e. Grace, while independent, is getting too close to ELCA (Evangelical Lutheran Church of America). While the congregation voted against the use of ELCA's corrupted hymnal, Evangelical Lutheran Worship, to placate those who wanted Grace to be independent by politics only, they not only used service settings from ELW from time to time during the summer; they implemented a change in the service regularly. When the pastor says, in the Prologue of the Communion service, "Let us give thanks to the Lord our God," LCMS, WELS (Wisconsin Evangelical Lutheran Synod), and NALC (North American Lutheran Church) congregations typically say, "It is right to give Him thanks and praise." Grace and ELCA congregations say, "It is right to give OUR thanks and praise." Yes, they made this phrase gender neutral. If the word "Him" offends feminazis and people who don't believe in gender so much, why didn't they just use the Roman Catholic response: "It is right and just," or the old Lutheran response, "It is meet and right so to do?" What were they thinking? The phrase they chose sounds too awkward. When it comes to ELCA, this is only the tip of the iceberg. In their hymnal, they do not even say Father, Son, and Holy Spirit. Since some people find it more important to impose their personal agendas than to preserve the infallacy and superiority of the Holy Scriptures, they instead say Creator, Redeemer, and Sustainer. No, sorry, but Jesus said to baptize in the Name of the Father, Son, and Holy Spirit, and He did not call God his Creator (of course, that would suggest that Jesus was created, which is blasphemy). He called God his Father. Not only this, but many ELCA pastors openly stand for things, and post them online, that are immoral and unbecoming of a pastor, let alone a congregant. One pastor shamelessly posted online, for billions to see, having had worked for Planned Parenthood. That the leaders of ELCA see what their pastors are standing for, out in the open, and not call for an ultimatum to repent or be defrocked, I have lost all respect for ELCA and want nothing to do with them--until they repent. I apologize to friends who belong to ELCA, but this is how I feel. Also, accept for a few occasions, any guest pastors they had came from the Lutheran Theological Seminary of Chicago--an ELCA seminary. If Grace needed a new pastor, they would request one from ELCA. I know the senior pastor wants to keep Grace more "progressive" than LCMS, yet more doctrinally and historically sound than ELCA, yet with the changed climate of ELCA, how can he ascertain this when the only pastors they have considered are ELCA? They would be able to be confident in keeping GRace stuck in the middle, so to speak, if they would consider inviting NALC pastors to speak, work with NALC charities, if they have any yet, and putting Grace on NALC rosters for when they need a new pastor. After all, while the senior pastor is a great man, he will eventually retire like all people, if they are so fortunate, usually do. Then, they will need to look for a new pastor. If they look within ELCA, it is highly probable that the pastor they choose will stand for ungodly things, causing a possible split, driving the more moderate members away, and then Grace would look just like the stereotypical ELCA church.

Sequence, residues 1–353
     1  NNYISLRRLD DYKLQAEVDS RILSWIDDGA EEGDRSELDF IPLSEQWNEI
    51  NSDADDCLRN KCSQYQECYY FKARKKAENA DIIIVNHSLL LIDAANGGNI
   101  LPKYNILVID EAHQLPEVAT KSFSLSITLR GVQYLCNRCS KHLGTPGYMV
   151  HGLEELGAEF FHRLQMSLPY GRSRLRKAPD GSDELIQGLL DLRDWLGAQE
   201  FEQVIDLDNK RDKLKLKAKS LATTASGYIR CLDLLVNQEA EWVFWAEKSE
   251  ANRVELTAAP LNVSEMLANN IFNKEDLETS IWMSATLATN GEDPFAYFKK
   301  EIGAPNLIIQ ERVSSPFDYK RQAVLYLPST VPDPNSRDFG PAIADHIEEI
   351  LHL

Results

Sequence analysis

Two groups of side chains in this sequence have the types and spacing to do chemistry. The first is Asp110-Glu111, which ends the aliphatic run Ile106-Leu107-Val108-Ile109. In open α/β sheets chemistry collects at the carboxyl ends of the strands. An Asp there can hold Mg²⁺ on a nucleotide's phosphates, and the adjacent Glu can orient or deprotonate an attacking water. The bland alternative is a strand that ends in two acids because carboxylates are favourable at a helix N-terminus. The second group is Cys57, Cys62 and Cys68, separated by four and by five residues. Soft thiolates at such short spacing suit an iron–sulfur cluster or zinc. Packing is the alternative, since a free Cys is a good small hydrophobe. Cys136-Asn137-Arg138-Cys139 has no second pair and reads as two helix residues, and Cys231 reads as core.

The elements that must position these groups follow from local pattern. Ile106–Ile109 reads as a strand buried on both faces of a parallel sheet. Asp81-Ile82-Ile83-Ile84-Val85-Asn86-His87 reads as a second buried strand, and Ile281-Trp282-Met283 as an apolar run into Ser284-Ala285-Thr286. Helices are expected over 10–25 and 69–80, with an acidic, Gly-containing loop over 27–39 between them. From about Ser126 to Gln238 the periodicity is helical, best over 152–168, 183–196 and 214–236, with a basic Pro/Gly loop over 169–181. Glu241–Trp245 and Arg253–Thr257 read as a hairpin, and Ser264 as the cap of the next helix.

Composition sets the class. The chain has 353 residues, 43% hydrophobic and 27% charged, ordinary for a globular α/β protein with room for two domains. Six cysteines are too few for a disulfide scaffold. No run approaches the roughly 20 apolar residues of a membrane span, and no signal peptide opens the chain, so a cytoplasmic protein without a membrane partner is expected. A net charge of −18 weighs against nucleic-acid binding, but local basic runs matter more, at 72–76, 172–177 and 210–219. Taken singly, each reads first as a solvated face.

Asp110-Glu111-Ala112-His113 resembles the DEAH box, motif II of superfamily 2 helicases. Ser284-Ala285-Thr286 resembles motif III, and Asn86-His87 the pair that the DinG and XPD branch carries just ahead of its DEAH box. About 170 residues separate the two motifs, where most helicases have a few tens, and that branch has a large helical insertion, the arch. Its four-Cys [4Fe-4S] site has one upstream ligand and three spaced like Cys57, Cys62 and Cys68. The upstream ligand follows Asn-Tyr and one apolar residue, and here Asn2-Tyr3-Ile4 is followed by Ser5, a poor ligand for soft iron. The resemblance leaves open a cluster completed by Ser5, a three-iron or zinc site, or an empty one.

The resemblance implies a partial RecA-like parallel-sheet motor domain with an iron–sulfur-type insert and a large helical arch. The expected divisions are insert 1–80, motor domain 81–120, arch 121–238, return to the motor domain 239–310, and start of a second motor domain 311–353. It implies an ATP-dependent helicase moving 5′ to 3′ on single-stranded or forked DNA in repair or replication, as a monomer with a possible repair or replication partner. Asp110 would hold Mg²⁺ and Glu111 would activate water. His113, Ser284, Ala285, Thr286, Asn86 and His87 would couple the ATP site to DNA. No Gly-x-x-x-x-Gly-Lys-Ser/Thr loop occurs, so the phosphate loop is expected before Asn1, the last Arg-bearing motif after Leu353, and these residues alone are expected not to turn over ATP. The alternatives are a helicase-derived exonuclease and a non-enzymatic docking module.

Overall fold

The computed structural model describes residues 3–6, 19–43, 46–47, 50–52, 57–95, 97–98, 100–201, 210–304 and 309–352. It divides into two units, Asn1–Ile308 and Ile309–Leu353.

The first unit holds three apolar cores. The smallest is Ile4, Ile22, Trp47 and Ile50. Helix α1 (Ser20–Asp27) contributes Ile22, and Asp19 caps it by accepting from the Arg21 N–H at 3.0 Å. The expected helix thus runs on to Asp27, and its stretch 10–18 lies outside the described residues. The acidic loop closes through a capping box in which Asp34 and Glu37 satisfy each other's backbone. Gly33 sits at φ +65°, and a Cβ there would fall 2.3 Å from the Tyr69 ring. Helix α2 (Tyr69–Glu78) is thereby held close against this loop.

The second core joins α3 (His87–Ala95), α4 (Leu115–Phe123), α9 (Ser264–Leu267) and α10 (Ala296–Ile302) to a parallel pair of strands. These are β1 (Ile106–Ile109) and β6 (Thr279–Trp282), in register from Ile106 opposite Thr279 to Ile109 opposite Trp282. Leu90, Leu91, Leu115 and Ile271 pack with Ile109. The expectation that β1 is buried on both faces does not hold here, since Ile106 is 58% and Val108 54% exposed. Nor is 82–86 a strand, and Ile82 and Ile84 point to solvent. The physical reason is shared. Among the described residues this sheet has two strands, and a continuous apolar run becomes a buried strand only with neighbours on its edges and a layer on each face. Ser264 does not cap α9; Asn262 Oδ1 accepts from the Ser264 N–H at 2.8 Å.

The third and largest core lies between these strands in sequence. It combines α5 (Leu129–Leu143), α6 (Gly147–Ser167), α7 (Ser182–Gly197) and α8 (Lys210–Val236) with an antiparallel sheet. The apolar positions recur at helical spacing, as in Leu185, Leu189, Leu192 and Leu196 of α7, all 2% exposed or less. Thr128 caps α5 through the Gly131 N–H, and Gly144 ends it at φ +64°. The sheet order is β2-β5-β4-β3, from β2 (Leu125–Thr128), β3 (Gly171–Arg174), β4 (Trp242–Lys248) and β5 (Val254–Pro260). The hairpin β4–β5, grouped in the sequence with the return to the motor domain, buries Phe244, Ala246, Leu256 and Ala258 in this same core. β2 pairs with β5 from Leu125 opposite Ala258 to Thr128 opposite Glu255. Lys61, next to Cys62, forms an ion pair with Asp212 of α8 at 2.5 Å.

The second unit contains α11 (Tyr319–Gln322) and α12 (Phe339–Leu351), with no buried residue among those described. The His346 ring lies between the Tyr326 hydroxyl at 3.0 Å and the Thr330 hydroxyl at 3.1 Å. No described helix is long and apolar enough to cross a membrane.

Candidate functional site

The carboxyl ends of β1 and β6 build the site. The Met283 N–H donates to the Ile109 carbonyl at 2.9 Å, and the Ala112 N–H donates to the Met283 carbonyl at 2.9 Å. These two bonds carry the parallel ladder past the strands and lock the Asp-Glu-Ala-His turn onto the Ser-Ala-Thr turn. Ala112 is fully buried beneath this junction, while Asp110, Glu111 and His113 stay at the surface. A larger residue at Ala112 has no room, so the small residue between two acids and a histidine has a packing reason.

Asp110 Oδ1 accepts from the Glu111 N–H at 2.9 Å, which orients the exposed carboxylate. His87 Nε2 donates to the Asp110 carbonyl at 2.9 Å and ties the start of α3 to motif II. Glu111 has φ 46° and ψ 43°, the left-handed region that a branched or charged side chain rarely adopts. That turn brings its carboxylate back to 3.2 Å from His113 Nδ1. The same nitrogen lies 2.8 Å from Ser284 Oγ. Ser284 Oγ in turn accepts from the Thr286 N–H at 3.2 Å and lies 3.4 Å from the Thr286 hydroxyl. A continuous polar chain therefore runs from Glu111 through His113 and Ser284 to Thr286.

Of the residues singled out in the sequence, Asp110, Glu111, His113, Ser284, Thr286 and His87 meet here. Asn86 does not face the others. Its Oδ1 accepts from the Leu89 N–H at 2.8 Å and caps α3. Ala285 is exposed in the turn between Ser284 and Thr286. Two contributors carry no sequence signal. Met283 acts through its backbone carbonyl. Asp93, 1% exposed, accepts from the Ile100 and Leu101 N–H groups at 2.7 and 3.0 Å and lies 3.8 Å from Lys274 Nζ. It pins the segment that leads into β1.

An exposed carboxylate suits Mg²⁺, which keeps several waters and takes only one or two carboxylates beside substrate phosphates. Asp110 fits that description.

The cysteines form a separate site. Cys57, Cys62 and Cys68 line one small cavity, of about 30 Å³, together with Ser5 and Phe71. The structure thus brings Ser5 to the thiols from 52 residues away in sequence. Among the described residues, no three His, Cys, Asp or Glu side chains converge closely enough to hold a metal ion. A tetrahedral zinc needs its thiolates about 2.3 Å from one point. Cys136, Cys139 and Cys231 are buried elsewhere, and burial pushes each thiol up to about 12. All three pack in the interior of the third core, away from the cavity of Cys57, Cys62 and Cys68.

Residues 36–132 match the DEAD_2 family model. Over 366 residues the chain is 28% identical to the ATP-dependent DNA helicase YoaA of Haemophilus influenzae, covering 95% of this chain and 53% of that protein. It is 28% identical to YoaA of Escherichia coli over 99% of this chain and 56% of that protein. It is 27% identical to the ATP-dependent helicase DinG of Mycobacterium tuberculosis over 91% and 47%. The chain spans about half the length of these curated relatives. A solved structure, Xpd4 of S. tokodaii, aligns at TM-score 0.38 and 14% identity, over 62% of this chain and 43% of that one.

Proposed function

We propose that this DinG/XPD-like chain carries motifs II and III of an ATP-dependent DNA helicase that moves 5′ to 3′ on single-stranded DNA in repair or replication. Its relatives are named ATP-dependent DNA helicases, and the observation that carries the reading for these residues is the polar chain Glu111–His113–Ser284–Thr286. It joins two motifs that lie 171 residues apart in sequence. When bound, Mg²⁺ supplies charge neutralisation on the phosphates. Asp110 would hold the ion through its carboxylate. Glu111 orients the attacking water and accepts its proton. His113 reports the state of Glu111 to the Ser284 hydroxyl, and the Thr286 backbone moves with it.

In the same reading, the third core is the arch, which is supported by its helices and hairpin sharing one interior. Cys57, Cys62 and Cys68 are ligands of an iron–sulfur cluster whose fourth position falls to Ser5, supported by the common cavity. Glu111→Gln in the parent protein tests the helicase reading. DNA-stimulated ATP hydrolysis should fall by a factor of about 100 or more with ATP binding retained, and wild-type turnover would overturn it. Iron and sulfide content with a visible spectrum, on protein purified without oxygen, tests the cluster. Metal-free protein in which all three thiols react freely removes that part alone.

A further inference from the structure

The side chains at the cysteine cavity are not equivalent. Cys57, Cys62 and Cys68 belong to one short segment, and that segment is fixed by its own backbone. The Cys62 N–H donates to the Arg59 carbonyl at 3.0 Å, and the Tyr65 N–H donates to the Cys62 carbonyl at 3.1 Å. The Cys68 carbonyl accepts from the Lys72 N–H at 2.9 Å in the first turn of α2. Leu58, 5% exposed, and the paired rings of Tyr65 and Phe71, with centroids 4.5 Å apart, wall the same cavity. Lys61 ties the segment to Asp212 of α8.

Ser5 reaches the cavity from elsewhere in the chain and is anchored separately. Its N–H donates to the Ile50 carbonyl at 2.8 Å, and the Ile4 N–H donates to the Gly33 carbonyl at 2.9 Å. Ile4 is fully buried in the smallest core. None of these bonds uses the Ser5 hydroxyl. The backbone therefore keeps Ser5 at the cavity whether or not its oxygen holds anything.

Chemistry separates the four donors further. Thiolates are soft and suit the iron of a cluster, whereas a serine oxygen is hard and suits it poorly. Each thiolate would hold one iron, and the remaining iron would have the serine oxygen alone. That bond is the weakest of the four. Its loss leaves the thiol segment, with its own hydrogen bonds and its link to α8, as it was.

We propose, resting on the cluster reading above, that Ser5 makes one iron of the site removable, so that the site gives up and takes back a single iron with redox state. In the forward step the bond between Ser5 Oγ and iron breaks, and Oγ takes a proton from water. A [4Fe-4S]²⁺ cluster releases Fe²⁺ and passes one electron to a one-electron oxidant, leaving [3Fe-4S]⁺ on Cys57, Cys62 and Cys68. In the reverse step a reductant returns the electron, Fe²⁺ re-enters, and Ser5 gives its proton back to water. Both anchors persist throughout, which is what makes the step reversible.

f. Whenever I went to Bible study, they began right on the button, and when they started the lesson, they shut the door. It was very embarrassing to open the door and walk in, gaining everyone's attention, even though I was only 30 seconds late. At St. John, the door to the Bible study room is typically left open so than anyone could saunter in unnoticed.
The bottom line: as much as I wanted it to be, and as much as many of the people there wanted it to be for me, Grace just was not my home. I tried to be involved, within reason, but it just did not feel the same.
In closing, I am going to quote something from Dietrich Bonhoeffer that I learned the hard way:
"One who wants more than what Christ has established does not want Christian brotherhood…. Innumerable times a whole Christian community has broken down because it had sprung from a wish dream…. But God's grace speedily shatters such dreams. Just as surely as God desires to lead us to a knowledge of genuine Christian fellowship, so surely must we be overwhelmed by a great disillusionment with others, with Christians in general, and, if we are fortunate, with ourselves. By sheer grace, God will not permit us to live even for a brief period in a dream world…. He who loves his dream of a community more than the Christian community itself becomes a destroyer of the latter, even though his personal intentions may be ever so honest and earnest and sacrificial."